Government response and humanitarian coordination 

Local and provincial authorities are leading the response, assisted by the Philippine Red Cross and humanitarian organizations in distributing food, relief items and medical assistance. UNHCR working with local NGOs has distributed kitchen sets, mats and tarpaulins, while UNICEF is supporting local health units with emergency health kits.

The BARMM government’s humanitarian response team, BARMM-HEART, called for a joint meeting with the Mindanao Humanitarian Team (MHT), composed of Mindanao-based UN agencies and international and local NGOs on 21 March to launch a joint assessment in the affected areas. Government authorities, with support from the Philippine Red Cross and the MHT are leading the response and have traveled to three affected provinces on 25 March. Participating MHT agencies and humanitarian partners include Action Against Hunger, ACTED, CFSI, FAO, IOM, Islamic Relief Worldwide, MMI, Oxfam, Save the Children, Tyakap Kalilintad, UNFPA, UNHCR, UnyPhil, and WFP. Additionally, Al-Mujadilah Foundation, CARE Philippines, Nonviolent Peaceforce, and OCHA joined the team in the Lanao del Sur assessment. The results of the assessment are expected to be presented to the MHT and new BARMM Government on 28 March. The Provincial Government of Maguindanao is coordinating with MHT members to monitor the situation and assess priority needs of the affected population.

Initial assessments show that there is a need for sustained food assistance, potable water, and relief items such as soap, sleeping mats and mosquito nets. With continued insecurity and the uncertainty when the law enforcement operations will end, it remains difficult for IDPs to continue their education, farming, and livelihood. According to military authorities, operations will continue as long as the threat remains, and the armed groups remain active in the target areas.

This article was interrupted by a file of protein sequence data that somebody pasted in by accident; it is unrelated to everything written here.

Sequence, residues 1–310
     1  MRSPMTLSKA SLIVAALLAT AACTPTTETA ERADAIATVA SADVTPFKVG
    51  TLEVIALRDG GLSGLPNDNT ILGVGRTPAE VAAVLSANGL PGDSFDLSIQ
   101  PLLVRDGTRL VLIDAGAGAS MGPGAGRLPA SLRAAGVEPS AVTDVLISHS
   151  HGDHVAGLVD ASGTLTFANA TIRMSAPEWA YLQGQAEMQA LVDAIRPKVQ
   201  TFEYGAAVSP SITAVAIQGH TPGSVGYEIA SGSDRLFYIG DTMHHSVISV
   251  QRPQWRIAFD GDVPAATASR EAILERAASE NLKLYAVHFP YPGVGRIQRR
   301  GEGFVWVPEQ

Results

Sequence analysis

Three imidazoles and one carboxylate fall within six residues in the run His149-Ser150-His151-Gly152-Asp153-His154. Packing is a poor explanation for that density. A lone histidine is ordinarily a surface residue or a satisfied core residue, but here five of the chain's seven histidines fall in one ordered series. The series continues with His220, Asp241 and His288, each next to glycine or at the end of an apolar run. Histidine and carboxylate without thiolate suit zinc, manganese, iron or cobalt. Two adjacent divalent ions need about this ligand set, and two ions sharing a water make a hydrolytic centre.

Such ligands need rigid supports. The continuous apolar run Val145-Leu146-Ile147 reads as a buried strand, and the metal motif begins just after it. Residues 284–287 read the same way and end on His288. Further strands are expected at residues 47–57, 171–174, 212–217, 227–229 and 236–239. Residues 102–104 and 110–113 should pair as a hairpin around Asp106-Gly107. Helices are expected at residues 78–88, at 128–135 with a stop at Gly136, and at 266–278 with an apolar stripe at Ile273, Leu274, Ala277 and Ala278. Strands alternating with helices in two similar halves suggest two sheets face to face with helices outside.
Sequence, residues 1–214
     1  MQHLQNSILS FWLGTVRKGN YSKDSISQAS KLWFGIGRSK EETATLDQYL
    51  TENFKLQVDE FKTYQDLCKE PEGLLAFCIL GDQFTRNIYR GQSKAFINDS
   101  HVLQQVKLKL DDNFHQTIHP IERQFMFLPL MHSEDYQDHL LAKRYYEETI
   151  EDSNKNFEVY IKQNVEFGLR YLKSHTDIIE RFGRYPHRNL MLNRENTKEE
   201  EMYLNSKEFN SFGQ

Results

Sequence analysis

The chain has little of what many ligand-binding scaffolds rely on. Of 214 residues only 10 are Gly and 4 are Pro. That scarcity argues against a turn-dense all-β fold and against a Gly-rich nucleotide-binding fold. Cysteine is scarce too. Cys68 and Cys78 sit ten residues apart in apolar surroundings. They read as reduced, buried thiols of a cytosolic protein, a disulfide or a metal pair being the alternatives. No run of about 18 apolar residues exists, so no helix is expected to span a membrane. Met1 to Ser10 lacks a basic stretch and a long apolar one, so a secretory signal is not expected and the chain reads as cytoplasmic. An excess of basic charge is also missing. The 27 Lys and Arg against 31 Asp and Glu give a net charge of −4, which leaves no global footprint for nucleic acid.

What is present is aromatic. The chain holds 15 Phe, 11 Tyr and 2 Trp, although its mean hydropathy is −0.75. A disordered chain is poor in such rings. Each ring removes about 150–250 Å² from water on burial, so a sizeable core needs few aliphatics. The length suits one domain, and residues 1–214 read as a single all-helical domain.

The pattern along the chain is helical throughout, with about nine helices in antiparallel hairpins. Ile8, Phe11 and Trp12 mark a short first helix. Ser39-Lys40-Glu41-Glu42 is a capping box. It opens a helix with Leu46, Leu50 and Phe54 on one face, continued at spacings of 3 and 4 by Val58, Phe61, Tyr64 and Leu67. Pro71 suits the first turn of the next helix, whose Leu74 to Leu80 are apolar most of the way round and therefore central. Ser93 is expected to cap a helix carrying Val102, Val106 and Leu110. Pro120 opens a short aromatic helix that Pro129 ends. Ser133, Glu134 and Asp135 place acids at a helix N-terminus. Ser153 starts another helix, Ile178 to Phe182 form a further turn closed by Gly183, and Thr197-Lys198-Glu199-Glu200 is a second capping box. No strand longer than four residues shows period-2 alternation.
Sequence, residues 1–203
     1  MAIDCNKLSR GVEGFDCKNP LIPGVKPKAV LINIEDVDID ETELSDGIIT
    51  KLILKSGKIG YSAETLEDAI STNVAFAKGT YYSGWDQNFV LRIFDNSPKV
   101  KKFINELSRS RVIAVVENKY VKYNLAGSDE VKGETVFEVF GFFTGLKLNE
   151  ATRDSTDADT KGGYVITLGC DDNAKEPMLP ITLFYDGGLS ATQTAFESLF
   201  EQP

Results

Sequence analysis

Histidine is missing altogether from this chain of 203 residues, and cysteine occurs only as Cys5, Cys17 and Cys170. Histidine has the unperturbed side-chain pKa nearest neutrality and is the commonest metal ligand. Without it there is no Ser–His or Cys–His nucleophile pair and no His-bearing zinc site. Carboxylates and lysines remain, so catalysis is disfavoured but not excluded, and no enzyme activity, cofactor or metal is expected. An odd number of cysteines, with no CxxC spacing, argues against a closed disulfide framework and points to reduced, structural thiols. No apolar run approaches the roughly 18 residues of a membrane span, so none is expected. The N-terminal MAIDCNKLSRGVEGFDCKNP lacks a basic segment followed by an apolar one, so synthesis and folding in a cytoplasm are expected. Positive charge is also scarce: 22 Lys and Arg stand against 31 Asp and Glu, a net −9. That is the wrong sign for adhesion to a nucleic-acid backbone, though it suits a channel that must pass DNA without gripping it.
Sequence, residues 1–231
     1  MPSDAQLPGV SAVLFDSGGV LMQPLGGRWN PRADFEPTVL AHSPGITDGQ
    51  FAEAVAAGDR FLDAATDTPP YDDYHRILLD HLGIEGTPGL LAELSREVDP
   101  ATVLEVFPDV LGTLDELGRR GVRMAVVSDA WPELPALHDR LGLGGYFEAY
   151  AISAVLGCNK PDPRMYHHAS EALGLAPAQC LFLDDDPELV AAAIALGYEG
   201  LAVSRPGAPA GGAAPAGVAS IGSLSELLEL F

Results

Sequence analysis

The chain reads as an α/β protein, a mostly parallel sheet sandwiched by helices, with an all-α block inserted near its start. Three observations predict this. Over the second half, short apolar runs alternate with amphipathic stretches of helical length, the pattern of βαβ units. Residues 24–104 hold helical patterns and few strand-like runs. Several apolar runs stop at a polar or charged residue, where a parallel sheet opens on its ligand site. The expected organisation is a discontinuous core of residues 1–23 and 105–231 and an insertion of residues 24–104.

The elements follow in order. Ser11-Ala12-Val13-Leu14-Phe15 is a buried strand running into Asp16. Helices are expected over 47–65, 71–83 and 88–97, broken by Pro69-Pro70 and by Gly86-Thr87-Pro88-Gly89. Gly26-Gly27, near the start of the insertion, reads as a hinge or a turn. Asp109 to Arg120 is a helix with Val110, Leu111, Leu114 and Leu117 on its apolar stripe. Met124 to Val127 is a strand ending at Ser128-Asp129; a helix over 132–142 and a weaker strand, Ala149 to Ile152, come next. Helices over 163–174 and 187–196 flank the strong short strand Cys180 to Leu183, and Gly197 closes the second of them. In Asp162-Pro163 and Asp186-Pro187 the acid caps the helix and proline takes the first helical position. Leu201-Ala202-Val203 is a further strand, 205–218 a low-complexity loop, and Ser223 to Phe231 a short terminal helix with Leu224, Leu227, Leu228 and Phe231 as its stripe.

URL:

Date:

Philippines

Situation Report
Interactive (1 day ago)

Mindanao Humanitarian Situation

URL:

Date:

Philippines

Situation Report
Feature (20 hours ago)
El Niño brings drought and dry spells - Mindanao most affected
Lanao del Sur (March 2018) - El Niño, a period of prolonged drought, adversely affects the agriculture sector and can cause significant issues for food security and nutrition. Credit: FAO/N. Celis

El Niño brings drought and dry spells - Mindanao most affected

Drought conditions are being reported in the MIMAROPA Region, Region IX, and Region XII, BARMM and Metro Manila, where ten provinces have declared a State of Calamity according to the National Disaster Risk Reduction and Management Council (NDRRMC). While the Philippine Atmospheric, Geophysical and Astronomical Services Administration (PAGASA) declared a weak El Niño lasting until June, agricultural regions are suffering from its worsening effects, with the Department of Agriculture (DA) reporting damage to over 13,600 ha of agricultural crops, mostly rice (81 per cent) and corn (19 per cent). Agricultural losses are estimated at PhP1.33 billion (US$25.6 million) but could run higher as the DA verifies reports from regional offices. Over 16,000 farmers and fisherfolk are affected, and some local media are reporting that the drought conditions are also starting to affect livestock, with some farm animals dying due to the lack of grass or hay for foraging.